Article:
4. Don’t Mistake a Spike for a Trend

As we’ve said, it’s important to be plugged into market trends, but at the same time, don’t mistake a spike for a trend. Agencies that constantly try to remodel their entire process to match every fleeting viral obsession lose their sense of identity and struggle to survive in the long term.

Agencies can grow and die off of one account – don’t build your business model over one project alone, without thinking of the journey that takes you there. Similarly, be wary of serving that one client that eats up all your resources and finding yourself with no project afterwards. Treat your agency holistically, and always keep an eye on the long view.

5. When Business is Good Don’t Forget About Business

This leads us to our final point: when business is good, don’t forget about business. Creatives can often be tempted to lose themselves in their art – but you must resist this urge in order to keep growing as an agency! Don’t become absorbed within a single project, remember to keep the practicals in mind.

This means marketing your services, networking with other companies and industry figures, and taking every opportunity to grow your resources and nurture your talents. And, of course, don’t forget about new talent – new blood brings new perspectives and opportunities to innovate.

News from Annecy 2018: The Latest Trends in the Animation World

We have to admit, we were more than a little excited to attend this year’s MIFA Animation Festival. It’s the time of year to catch that plane to the little alpine town of Annecy in France and geek out on the latest animations. 

People come from across the globe to showcase their work, delighting industry professionals and fans with their creative skills. This melting pot of talent plus a fun, irreverent vibe puts it top of the list of any of our industry’s events.  After all, where else can you find attendees throwing paper airplanes fashioned from event programmes at the cinema screen, to uproarious cheers each time one hits the target. Just magic! But aside from all this, there were some serious talking points on the agenda this year that got us fired up:

Women getting serious kudos

Picture designed by Mathilda Holmqvist

We don’t need to tell you that gender equality is a hot topic at the moment, and with good reason. It’s something that’s receiving big attention throughout the media world, and in the animation industry, it’s no different. The head of the festival signed a pledge to promote gender equality both at the festival itself and within the organisational staff.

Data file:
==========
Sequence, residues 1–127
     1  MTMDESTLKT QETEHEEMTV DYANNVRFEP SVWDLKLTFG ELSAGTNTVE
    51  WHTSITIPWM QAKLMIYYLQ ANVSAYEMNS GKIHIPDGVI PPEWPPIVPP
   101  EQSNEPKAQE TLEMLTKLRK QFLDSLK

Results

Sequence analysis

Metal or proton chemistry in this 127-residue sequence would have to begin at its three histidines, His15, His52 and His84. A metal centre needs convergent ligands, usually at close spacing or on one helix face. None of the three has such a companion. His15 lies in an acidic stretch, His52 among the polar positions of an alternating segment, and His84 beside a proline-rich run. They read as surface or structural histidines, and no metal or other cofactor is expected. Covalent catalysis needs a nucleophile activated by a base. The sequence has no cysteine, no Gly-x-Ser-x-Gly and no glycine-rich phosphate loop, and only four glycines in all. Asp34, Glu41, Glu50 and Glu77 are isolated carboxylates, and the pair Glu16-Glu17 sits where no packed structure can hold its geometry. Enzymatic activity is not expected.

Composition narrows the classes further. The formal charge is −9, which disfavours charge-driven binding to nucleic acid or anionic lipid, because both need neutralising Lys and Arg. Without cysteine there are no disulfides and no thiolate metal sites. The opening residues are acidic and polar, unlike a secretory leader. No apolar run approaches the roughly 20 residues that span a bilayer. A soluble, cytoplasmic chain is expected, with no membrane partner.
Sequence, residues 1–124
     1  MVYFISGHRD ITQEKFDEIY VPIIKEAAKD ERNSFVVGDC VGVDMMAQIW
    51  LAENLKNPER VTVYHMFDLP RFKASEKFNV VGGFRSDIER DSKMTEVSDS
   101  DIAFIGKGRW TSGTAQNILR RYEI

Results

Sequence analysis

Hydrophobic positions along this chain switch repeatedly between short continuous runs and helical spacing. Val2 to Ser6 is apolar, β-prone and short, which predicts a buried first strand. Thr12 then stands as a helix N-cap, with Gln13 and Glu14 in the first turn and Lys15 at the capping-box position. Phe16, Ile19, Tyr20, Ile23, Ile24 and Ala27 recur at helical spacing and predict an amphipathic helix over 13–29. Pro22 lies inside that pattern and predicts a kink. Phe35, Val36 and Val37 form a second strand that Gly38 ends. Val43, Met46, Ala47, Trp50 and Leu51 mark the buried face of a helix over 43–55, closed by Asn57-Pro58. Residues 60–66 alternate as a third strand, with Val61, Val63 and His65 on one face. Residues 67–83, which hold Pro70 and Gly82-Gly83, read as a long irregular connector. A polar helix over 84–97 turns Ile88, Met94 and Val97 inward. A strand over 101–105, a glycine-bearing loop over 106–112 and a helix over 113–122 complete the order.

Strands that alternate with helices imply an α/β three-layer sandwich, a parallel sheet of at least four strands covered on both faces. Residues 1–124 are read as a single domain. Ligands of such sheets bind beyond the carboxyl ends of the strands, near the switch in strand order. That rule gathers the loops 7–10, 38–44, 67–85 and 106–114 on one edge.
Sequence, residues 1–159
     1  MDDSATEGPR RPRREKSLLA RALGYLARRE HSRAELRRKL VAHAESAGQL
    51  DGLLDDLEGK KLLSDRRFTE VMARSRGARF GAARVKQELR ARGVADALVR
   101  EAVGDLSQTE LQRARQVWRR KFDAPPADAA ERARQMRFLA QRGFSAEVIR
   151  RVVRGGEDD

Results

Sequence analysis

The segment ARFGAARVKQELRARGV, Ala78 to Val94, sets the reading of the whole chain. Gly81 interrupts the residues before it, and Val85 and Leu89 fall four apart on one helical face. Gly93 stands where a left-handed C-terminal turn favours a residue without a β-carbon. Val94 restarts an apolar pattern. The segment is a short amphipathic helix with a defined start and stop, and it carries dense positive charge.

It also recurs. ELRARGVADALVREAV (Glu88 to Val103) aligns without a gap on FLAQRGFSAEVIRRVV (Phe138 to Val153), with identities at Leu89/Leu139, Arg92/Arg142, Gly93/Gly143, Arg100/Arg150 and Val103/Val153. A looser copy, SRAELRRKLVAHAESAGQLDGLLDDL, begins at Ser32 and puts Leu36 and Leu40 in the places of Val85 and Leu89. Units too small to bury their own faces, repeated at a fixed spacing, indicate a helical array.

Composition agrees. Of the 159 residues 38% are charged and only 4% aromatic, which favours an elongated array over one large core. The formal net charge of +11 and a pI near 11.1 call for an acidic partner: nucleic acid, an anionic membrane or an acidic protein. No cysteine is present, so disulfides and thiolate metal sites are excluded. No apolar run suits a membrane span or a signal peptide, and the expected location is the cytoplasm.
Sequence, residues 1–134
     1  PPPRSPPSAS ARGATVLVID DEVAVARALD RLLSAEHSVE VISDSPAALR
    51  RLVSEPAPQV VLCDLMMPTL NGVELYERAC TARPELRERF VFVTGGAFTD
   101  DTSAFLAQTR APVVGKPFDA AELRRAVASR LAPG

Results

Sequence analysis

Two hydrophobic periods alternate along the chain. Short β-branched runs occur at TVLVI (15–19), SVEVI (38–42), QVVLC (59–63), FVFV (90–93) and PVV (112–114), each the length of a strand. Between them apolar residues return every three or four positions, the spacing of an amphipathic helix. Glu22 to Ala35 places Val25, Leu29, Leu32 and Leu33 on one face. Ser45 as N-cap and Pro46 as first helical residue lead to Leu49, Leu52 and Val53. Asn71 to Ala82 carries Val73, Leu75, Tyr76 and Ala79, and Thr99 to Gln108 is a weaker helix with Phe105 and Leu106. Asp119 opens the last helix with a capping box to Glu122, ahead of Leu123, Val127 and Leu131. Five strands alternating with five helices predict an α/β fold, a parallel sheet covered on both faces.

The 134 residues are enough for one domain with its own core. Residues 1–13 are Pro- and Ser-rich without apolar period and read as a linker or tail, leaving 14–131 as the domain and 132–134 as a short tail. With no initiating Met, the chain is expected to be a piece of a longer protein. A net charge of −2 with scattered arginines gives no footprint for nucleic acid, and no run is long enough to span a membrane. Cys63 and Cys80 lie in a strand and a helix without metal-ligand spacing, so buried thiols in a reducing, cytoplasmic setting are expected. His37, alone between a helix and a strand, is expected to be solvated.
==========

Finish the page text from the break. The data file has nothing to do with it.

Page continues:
We’ve loved to hear that CITIA, the organisation responsible for the event, has an equal split of male and female executives. But still, only 20% of the films that made the cut for the festival are directed by women, showing there’s still progress to be made. Despite this, the festival’s good work in promoting gender equality can’t be denied. This year the focus on women, including presenting Women in Animation with the Mifa Animation Industry Award.  

The rise of digital channels

Hot off the back of France Television’s decision to cancel the France 4 channel, the people behind Annecy festival and us here at Nucco Brain are contemplating the rise of digital. Why, you may ask? The dropped channel distributed mainly kid’s content and animation, and now it will be moved onto digital platforms.

While broadcasting and production companies reverberate with this news, their potential deals being washed out, there’s a bigger discussion to be had around the role of digital. There’s no escaping the effect digital transformation is having on the industry, with more people fragmenting onto digital channels, where funding possibilities are reduced compared to the budget broadcasters are used to.

On a more positive note, the digital trend could well have some advantages. This is especially true for brands who could provide a new source of funding outside the traditional broadcasting business model. You only need to take a look at some of the online digital and VR content highlighted in the festival to see just how powerful new technology can be.

Annecy is now over, but we already can’t wait to be there next year – and we’ll make sure to perfect our paper airplane flying techniques in the meantime!

GDPR is Here: How to Communicate Corporate Changes Effectively

The time has come where we can no longer hide away from GDPR. As of this week, on May 25th, the new legislation will come into force, replacing the old and outdated Data Protection Act, to protect people’s personal data.

 

Getting your team GDPR-ready

Being GDPR ready does not only mean complying with the new legislation, you also need to provide your staff with the knowledge and the tools to work within the new regulations. Effective training and communication campaigns are the key for ensuring your teams are onboard and in-the-know.

When it comes to communicating new legislation, our team has collaborated with Deloitte M.E on a variety of projects. One of these included explaining the concept and implementation of VAT and Excise taxes to a business audience unfamiliar with the concept in the Middle East.

Through infographics and videos, we helped local businesses explain complicated tax systems to their audience in an easy-to-understand narrative. In the same way, visual storytelling is a smart, memorable approach to communicating essential information on the GDPR. Here’s why:

 

An interesting hook gets more attention